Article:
Ford's Marina worker

Checking the engine of a new Ford Cortina at the Marina Plant

Fordsons soccer team, (the “Tractor Boys”) popularised association football in Cork in the early 1920s, the team was the first club from Cork to play in the League of Ireland in 1924 and won the Free State Cup in 1926. The club’s pitch was located at Pic Du Jer Park in Ballinlough which was owned by Ford.

Thousands of Corkonians passed through the Marina plant, in its blue and white colours, many families had several members working and the thronged mass of workers walking up and down Centre Park Road at clocking on/off times bore testament to the world of assembly work.

But time caught up with Fords and sentiment, the final impact of closure in 1984 left a deep wound on the people of Cork. Now former workers have come together to tell their own story of working in Fords.

Fords – Memories of the Line provides a fascinating insight into a Cork institution by those who worked on the line and is a must see for those who worked at Ford’s or have family members who worked on the Marina.

 

 

 

Films at the Spirit of Mother Jones Festival 2018

Films at the

Spirit of Mother Jones Festival 2018

Wednesday 1st August –Saturday 4th August 2018

Admission is free and all are welcome.

Wednesday 1st August

 

Cathedral Visitor Centre, 2.30: “Mother Jones, America’s Most Dangerous Woman” a film by Rosemary Feurer and Laura Vazquez.

             

Mother Jones: America’s Most Dangerous Woman is a documentary about the amazing labor heroine, Mary Harris Jones, known as Mother Jones. Mother Jones’ organising career influenced the history of early 20th century United States. She overcame class and gender limitations to shape an identity that allowed her to become an effective labor organiser in the early 20th century. Mother Jones transformed personal and political grief and rage about class injustices into an effective persona that led workers into battles that changed the course of history. The terrible conditions and labor oppression of the time motivated her to traverse the country, in order to organise against injustices. This film also gives a deeply moving account of the Ludlow Massacre.

www.motherjonesmuseum.org

Release Date:  2007 (Canada).                   Runtime: 24 minutes

=======================

Wednesday 1st August. 

 

Cathedral Visitor Centre 2.50 pm “Mother Jones and her Children” a film by Frameworks Films and the Cork Mother Jones Committee.

 

This film tells the story of Mary Harris (1837 – 1930) from Cork who went on to become known “the most dangerous woman in America”. Starting with her early years in Cork, this documentary goes on to detail her life in America following the famine, her marriage to George Jones and the birth of her four children. It details the tragedies which befell her. Her growing involvement in the labour movement in America, defending the rights of children and workers is documented. Through interviews with leading experts on Mother Jones, we learn of her fearless and tireless campaign to organise workers at a time of severe labour strife and her international legacy today.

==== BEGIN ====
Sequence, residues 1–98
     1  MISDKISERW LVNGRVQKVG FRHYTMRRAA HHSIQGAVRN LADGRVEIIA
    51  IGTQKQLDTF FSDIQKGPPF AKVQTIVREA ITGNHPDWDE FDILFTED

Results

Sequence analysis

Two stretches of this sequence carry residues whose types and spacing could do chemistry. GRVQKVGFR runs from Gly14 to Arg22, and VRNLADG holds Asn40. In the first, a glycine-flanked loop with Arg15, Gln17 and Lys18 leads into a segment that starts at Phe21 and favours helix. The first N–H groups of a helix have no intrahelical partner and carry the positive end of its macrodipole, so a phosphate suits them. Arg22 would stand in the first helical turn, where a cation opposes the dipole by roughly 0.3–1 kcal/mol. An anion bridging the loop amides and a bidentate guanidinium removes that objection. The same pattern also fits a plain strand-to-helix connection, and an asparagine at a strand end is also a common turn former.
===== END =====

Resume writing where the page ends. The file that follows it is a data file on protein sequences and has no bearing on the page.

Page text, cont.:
www.frameworksfilm.com and http://www.motherjonescork.com

 

Release Date:  July 2014.                                 Runtime: 52 min

 

 ======================

 

 

Wednesday 1st August

 

Firkin Crane Theatre 7.30 pm

 

“Fords – Memories of the Line”. A documentary produced by Frameworks Films and the Ford Ex-workers’ Group. Irish Premiere.

 

Frameworks

Emma Bowell and Eddie Noonan of Frameworks Films

Fords – Memories of the Line’ is a documentary about what is was like to work on the assembly line at Ford’s car manufacturing plant in Cork, which operated from 1917 to 1984. Much as the workers built the cars on the assembly line, a group of former workers build a picture, piece by piece, memory by memory, of life on the line. 2017 marked the centenary of the foundation of the factory in Cork and in this documentary, it is the men who built the cars, rather than the man who founded the factory, Henry Ford, who are celebrated, although his role too is acknowledged. Finally the documentary details the final closure of the factory on 13th July 1984 and the impact this had on the men, their families and the city of Cork. Over 800 workers lost their jobs with the closure.

This documentary as told by the former Ford workers should not be missed by anyone who worked in the factory on the Marina or their family members.

www.frameworksfilms.com

Release Date: 2018                                                     Runtime: 60 minutes

 

 ======================

 

Thursday 2nd August.

 

Firkin Crane Theatre 6.00 pm “Up to the last Drop – The Secret Water Wars of Europe.”

A documentary by Yorgos Avgeropoulos. Produced by Small Planet Productions. Co – produced by ARTE GEIE (France), ERT (Greece), KG Productions (France).

This timely documentary poses a central question: Is water for the European Union a commercial product or a human right?